This fascinating book examines the World BankÕs capacity for change, illustrating the influence of overlapping political, organizational and epistemic constraints. Through comprehensive historical and economic analysis, Peter J. Hammer illuminates the difficulties faced by recent attempts at reform and demonstrates the ways in which the training and socialization of Bank economists work to define the policy space available for meaningful change. The author examines the patterns of change and continuity at the World Bank during the presidencies of James Wolfensohn (1995Ð2005), Paul Wolfowitz (2005Ð2007) and Robert Zoellick (2007Ð2012) and discusses the role that various Chief Economists have played in the evolution of the BankÕs research activities. His analysis of Bank reforms Ð both successful and unsuccessful Ð demonstrates how neoclassical economics sets the BankÕs research and development agendas and limits reform possibilities derived from different academic traditions. This clear and balanced account is an important case study in the role that epistemic constraints can play in the formation of public policy, with implications for both the World Bank and other international organizations. Students, professors and researchers with an interest in economic development, institutional economics and policy studies will find it an invaluable resource, as will government officials and practitioners working in international development.
The Secret World of Economic Hit Men and the Web of Global Corruption
Author: Steven Hiatt
Category: Political Science
John Perkins links his experiences to new revelations that expose the drive for empire that lies behind the rhetoric of globalization....Economic hit men (EHMs) are highly paid professionals who cheat countries around the globe out of trillions of dollars. They funnel money from the World Bank, the U.S. Agency for International Development (USAID), and other foreign ''aid'' organizations into the coffers of huge corporations and the pockets of a few wealthy families who control the planet's natural resources. Their tools include fraudulent financial reports, rigged elections, payoffs, extortion, sex, and murder. They play a game as old as empire, but one that has taken on new and terrifying dimensions during this time of globalization.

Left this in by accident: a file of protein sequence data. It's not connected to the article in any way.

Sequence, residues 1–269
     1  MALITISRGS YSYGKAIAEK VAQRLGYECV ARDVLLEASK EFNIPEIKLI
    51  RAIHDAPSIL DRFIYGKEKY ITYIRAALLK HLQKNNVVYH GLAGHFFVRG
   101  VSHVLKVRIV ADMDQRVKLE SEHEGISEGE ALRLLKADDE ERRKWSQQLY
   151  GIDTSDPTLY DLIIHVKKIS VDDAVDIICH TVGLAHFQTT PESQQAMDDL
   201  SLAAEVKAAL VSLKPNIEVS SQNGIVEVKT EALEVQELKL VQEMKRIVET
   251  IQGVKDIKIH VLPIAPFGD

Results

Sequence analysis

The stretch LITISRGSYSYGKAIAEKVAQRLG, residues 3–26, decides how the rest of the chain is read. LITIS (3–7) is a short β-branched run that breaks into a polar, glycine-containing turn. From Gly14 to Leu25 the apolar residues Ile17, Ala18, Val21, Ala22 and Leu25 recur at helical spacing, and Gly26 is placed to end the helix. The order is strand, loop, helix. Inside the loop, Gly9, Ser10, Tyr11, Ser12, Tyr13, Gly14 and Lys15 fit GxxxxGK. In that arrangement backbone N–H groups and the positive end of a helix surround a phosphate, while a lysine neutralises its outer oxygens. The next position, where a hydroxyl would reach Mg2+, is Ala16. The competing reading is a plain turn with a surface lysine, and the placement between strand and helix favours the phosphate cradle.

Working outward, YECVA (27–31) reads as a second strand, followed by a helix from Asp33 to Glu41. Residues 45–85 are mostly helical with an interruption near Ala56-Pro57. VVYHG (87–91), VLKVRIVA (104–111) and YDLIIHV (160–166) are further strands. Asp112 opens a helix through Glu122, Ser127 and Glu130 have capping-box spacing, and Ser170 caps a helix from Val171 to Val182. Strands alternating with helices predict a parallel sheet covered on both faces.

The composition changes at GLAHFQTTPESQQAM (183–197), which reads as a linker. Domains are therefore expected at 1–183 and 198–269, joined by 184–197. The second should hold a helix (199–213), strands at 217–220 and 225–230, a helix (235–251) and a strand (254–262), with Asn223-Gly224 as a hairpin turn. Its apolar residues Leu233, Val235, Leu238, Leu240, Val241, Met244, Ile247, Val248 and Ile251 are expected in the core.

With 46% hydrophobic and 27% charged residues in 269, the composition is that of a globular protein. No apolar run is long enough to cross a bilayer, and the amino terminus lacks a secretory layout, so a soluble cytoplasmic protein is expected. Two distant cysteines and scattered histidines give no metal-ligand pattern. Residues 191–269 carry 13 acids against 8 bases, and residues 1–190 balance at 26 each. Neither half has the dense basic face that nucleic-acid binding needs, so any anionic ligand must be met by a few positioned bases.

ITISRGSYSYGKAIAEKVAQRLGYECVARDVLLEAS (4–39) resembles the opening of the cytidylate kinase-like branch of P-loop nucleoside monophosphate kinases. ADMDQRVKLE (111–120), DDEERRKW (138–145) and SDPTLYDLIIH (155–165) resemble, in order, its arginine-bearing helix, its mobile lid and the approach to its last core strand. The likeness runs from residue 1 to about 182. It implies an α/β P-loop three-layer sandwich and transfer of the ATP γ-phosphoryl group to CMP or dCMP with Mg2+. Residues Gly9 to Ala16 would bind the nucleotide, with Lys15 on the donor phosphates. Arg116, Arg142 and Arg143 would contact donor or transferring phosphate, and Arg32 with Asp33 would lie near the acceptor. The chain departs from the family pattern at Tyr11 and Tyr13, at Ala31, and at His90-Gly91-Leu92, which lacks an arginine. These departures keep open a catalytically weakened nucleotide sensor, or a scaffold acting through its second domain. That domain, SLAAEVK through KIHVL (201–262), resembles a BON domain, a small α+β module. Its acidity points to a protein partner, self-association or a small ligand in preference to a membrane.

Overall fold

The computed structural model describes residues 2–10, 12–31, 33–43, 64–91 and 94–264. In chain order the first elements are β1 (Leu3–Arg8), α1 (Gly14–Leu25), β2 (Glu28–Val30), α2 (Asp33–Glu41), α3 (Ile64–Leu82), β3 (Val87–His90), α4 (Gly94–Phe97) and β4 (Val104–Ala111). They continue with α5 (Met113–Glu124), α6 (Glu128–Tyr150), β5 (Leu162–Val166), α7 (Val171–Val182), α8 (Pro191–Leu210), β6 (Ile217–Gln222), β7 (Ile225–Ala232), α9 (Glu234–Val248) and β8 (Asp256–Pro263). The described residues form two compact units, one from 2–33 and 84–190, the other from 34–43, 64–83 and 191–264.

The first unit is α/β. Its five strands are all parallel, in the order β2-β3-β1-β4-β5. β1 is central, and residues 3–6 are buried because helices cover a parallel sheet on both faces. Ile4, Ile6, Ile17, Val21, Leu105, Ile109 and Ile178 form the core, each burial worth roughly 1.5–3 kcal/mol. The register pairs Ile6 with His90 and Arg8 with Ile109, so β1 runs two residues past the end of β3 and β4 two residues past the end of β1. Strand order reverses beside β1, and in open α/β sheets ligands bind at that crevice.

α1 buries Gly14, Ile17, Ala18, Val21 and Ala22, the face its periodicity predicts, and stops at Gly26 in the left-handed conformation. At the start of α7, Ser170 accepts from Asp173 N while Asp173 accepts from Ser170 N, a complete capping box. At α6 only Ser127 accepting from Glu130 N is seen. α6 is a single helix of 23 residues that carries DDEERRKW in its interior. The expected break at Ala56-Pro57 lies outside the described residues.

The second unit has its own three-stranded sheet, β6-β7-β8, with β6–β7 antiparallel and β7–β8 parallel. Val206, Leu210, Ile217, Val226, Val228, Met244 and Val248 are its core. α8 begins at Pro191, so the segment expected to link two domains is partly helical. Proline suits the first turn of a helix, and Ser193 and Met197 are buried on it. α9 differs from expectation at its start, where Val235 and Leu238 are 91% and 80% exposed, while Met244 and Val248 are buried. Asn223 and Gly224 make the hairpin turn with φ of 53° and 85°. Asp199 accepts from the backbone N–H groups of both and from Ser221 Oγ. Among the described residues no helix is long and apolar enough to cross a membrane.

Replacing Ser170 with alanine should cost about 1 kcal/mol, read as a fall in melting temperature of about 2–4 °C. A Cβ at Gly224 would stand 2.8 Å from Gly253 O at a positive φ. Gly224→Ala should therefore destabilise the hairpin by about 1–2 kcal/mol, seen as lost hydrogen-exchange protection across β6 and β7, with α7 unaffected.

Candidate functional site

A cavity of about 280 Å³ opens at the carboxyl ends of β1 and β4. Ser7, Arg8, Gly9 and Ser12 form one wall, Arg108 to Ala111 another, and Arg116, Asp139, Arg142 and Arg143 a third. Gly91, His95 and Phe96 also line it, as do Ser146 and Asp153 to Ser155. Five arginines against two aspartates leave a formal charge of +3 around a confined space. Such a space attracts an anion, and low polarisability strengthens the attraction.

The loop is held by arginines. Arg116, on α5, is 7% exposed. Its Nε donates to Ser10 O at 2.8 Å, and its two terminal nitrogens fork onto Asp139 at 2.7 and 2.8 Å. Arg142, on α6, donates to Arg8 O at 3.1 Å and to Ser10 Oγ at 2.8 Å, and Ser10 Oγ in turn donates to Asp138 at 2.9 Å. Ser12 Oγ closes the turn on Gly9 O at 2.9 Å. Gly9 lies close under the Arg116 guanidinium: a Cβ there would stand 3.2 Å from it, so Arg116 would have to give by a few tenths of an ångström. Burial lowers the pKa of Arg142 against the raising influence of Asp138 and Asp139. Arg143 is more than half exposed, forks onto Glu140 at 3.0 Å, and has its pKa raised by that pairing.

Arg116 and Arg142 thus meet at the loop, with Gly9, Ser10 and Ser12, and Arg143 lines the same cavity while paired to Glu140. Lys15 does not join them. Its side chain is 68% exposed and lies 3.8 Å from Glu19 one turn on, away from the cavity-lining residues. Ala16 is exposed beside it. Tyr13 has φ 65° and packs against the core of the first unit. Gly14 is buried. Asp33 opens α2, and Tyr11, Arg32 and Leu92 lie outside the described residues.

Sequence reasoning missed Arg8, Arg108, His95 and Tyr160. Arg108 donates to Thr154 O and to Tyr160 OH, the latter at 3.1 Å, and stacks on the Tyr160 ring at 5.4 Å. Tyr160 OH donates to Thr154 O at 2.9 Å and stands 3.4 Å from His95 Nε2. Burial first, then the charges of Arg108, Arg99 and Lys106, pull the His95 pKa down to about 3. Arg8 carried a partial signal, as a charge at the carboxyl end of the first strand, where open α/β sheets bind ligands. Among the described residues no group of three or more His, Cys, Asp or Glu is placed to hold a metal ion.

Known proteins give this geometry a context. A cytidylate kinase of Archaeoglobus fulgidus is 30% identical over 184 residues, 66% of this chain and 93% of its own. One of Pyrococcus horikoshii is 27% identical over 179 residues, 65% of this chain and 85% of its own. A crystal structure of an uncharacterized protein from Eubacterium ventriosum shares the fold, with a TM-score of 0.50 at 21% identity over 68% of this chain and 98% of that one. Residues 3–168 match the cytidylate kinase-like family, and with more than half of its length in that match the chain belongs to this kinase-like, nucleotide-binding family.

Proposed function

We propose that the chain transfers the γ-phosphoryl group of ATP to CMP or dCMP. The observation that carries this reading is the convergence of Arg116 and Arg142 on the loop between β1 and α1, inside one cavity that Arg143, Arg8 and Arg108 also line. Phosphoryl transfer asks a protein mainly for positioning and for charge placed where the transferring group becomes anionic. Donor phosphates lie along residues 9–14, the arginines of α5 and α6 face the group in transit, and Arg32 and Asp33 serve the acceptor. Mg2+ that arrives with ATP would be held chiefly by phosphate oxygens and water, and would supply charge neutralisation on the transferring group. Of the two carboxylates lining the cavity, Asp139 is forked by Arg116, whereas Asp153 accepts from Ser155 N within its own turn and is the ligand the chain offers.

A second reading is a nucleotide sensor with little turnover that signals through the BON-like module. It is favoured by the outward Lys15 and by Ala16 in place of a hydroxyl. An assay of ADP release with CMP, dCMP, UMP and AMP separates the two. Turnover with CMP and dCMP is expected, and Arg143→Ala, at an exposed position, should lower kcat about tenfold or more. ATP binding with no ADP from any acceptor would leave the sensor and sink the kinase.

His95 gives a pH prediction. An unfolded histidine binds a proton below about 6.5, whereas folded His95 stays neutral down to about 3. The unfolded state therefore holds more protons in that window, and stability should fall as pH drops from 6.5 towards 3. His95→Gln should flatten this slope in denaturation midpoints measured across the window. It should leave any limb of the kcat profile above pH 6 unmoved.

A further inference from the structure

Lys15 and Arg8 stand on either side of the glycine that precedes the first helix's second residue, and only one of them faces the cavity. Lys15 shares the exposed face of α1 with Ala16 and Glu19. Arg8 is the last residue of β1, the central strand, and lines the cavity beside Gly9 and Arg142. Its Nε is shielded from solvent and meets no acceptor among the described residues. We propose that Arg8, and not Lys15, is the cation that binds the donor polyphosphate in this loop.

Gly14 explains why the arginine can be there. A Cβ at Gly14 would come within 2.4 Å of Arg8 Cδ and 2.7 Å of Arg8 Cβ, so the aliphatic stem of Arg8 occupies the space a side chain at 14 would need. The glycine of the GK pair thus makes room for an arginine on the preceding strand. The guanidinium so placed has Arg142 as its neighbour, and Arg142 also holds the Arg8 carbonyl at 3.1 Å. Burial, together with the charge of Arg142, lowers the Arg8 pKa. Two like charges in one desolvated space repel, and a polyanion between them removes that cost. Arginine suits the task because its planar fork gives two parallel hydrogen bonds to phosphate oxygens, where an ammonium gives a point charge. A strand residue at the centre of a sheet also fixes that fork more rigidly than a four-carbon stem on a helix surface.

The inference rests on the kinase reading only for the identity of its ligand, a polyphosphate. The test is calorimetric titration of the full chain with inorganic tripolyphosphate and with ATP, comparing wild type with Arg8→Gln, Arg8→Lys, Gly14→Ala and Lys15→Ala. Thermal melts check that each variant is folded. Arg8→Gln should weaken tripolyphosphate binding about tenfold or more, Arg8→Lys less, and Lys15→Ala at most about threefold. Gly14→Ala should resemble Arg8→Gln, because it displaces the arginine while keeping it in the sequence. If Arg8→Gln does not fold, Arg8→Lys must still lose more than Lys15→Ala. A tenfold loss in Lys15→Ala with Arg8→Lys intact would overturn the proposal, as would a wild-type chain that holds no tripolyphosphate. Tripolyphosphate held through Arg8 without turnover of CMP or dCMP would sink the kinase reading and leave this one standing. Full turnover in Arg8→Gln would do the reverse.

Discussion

Release on 2010-09-29 | by Nalini Junko Negi,Rich Furman
Author: Nalini Junko Negi,Rich Furman
Pubpsher: Columbia University Press
Category: Social Science
A growing number of people immigrants, refugees, asylum-seekers, displaced individuals, and families lead lives that transcend national boundaries. Often because of economic pressures, these individuals continually move through places, countries, and cultures, becoming exposed to unique risk and protective factors. Though migration itself has existed for centuries, the availability of fast and cheap transportation as well as today's sophisticated technologies and electronic communications have allowed transmigrants to develop transnational identities and relationships, as well as engage in transnational activities. Yet despite this new reality, social work has yet to establish the parameters of a transnational social work practice. In one of the first volumes to address social work practice with this emergent and often marginalized population, practitioners and scholars specializing in transnational issues develop a framework for transnational social work practice. They begin with the historical and environmental context of transnational practice and explore the psychosocial, economic, environmental, and political factors that affect at-risk and vulnerable transnational groups. They then detail practical strategies, supplemented with case examples, for working with transnational populations utilizing this population's existing strengths. They conclude with recommendations for incorporating transnational social work into the curriculum.
Set in Haiti following the 2004 coup and enhanced by research carried out after the 2010 earthquake, Killing with Kindness analyzes the impact of official development aid on recipient non-governmental organizations (NGOs) and their relationships with local communities. It offers rich enthnographic comparisons of two Haitian women's NGOs working in HIV/AIDS prevention and examines participation and autonomy as well as donor policies that inhibit these goals.
Release on 2000 | by United States. Congress. Senate. Committee on Foreign Relations. Subcommittee on African Affairs
Hearings Before the Subcommittee on African Affairs and Subcommittee on Western Hemisphere, Peace Corps, Narcotics, and Terrorism and the Committee on Foreign Relations, United States Senate, One Hundred Sixth Congress, Second Session, February 8, 9, 10, 24, 25, 29, March 8 and 23, 2000
Author: United States. Congress. Senate. Committee on Foreign Relations. Subcommittee on African Affairs